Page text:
...the mildness to which men ... had yielded was only half of the intoxication of beauty, while the other half ... was of such surpassing and terrible cruelty—the most cruel of men delights himself with a flower—that beauty ... failed quickly of its effect...
Jeremy Davies is made of ink, but don’t dip a feather in him. It tickles. He once painted a fingernail black and no one really noticed. He was disappointed. He’s also an editor, a religious atheist, a liker of strong coffees, a Shakespeare-lover, a political anarchist and someone who rarely has a pen when he needs one. He has been a PhD candidate, a personal trainer, a life model, a bouncer, an infantry soldier and someone who rarely had a pen when he needed one. He has had words published in a variety of places, in a variety of publications, in a variety of forms, in a variety of moments: Canada, Wet Ink, SMS and twelve minutes past three in the afternoon being some of these. His first novel, 'Missing Presumed Undead', will be re-published by Satalyte Publishing in February 2014. A second is on its way.
The original plan was to read Homer’s The Odyssey, followed by Joyce’s Ulysses before Bloomsday 2012, but, time caught up with me and I was still with Odysseus having just landed back on Ithaca when June 16 rolled around… So next year, I am prepared.
It’s impossible and obscene to review a book like this, genuinely, other than to talk about your experience of it and what the novel means to humanity and storytelling as a whole.
This is not an easy-read, but it is literary art: it is art fashioned from words, in the form of a novel. And it is difficult to deal with. It is dealing with complex, difficult, perhaps impossible to reconcile characteristics of being human, and it is trying to render that onto a page with words. It is trying to do something that is beyond words, with words, these flawed building blocks of being human.
The problem with combining this form with this project is that unlike with other more immediate forms of art, let’s say, a great work of visual art that is wrestling with the same project, if you don’t appreciate it on that level, you only have to invest a couple of seconds, scan the paining, shrug your shoulders and then walk off. You’re not going to hold much of a grudge against it, and if someone who did appreciate it at that level asks you if you’ve seen it, you can still say, yes, I have, I liked the composition and its use of the colour red. You’re not going to say, no, I read the first fifty pages and threw it away. It’s crap. It’s artsy fartsy wankery. What? Are you saying I’m stupid? Well, fuck you, you’re pretentious…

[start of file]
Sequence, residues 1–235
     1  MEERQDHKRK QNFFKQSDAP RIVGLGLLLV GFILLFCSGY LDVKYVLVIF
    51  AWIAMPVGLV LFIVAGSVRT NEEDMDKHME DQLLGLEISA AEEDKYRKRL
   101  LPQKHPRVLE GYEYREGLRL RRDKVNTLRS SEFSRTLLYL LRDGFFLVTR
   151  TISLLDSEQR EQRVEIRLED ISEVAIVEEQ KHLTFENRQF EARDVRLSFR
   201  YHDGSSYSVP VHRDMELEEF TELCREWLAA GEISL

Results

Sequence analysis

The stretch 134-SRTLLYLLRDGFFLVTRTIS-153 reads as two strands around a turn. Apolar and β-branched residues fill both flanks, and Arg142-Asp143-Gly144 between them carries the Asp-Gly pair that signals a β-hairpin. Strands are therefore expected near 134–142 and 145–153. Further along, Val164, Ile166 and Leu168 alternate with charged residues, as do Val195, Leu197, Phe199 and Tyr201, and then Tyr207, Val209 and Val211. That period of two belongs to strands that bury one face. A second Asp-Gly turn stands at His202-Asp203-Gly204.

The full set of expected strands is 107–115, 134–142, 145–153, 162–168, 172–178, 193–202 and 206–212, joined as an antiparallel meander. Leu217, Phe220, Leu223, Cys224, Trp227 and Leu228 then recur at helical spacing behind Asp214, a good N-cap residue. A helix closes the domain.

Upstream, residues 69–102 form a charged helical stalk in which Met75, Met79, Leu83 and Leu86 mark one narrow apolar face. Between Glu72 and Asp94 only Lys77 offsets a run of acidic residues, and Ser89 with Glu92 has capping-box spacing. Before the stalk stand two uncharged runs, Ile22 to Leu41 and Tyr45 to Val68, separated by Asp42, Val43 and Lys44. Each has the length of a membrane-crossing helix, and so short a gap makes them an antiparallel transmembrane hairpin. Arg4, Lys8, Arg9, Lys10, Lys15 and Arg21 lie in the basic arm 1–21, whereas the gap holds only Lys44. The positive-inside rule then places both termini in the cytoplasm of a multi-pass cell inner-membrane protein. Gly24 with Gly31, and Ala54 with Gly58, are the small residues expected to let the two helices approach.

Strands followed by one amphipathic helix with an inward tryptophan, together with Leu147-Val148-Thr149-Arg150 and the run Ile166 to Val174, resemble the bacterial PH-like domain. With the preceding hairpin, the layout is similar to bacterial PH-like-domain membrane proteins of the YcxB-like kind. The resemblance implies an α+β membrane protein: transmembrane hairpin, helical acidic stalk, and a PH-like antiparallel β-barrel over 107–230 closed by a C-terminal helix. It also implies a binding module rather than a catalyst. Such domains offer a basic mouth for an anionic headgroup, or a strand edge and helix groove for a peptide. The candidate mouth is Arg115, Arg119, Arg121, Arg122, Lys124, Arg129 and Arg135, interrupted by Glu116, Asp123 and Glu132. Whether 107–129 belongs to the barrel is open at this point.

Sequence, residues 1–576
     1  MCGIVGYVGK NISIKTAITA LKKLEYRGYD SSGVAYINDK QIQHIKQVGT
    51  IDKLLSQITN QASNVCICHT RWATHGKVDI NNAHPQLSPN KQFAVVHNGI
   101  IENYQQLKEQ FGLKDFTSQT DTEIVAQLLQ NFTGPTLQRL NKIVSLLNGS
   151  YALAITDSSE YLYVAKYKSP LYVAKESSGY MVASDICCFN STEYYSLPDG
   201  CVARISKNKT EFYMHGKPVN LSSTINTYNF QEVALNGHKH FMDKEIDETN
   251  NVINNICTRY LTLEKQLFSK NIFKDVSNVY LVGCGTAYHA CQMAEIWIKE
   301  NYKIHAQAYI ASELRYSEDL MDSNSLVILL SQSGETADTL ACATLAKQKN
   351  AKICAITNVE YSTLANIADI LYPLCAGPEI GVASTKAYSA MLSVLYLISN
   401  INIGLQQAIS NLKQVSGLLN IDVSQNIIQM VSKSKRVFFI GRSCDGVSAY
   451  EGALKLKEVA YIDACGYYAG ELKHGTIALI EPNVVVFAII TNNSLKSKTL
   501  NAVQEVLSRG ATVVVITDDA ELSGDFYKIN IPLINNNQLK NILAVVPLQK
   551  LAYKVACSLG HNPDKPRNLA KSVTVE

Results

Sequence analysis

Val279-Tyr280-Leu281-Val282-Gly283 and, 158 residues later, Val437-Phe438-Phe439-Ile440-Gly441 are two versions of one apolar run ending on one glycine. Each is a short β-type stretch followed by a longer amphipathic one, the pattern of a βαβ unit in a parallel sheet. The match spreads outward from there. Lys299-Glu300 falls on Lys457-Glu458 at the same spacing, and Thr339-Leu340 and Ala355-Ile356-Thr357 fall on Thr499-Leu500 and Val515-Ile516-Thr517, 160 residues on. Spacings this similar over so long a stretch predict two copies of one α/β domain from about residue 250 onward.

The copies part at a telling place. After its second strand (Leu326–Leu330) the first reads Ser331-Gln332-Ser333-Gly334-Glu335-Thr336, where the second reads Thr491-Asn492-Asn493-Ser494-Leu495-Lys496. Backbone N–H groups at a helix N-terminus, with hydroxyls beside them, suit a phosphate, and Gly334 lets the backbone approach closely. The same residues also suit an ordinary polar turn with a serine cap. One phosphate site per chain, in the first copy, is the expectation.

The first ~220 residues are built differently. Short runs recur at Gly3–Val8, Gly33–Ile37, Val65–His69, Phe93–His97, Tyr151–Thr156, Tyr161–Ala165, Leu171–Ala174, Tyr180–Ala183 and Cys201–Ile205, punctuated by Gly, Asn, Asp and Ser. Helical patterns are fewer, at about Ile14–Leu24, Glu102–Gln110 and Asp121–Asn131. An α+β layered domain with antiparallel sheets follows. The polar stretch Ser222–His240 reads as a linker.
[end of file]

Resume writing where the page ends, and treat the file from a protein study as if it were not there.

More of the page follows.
Some art needs to be difficult. It needs to defeat you in some way. It needs to go past your limits so that you know your limits; or, to put it better, to know that you are limited. This novel will lose you. It will surpass you ... it did to me. That’s not a bad thing.
It’s not laughing at you. It’s laughing with you ... and at you ... and at itself.
This novel changed the narrative game. It moved human experience into new positions. Very few individual works of anything are in this category. Joyce’s project is, of course, a failure and absurd, but it soars all the more through the purity of its failure and its depiction of the absurdity of our condition, we story-telling self-aware animals doomed to die and know about it.
It is worth the effort to read it. Let it beat you. You need to be beaten as a reader sometimes.
On a final note, I was all ready to hate on Melbourne’s obsession with the Molly Bloom character while reading her famous soliloquy, the final chapter of the book, and had a few clever, snide sentences all ready primed for my review regarding the vague, Sex-In-The-City kind of emptiness I was reading into her. The last three or so pages hit me right in the guts with the subtle, building energy that only a true, absolute master artisan of story-telling is capable of.
I swallowed every sentence I had and sat quietly on the bench of platform 3 at Box Hill railway station, waiting for the 6:37pm Belgrave train to arrive, and it felt like I didn’t breath until it did.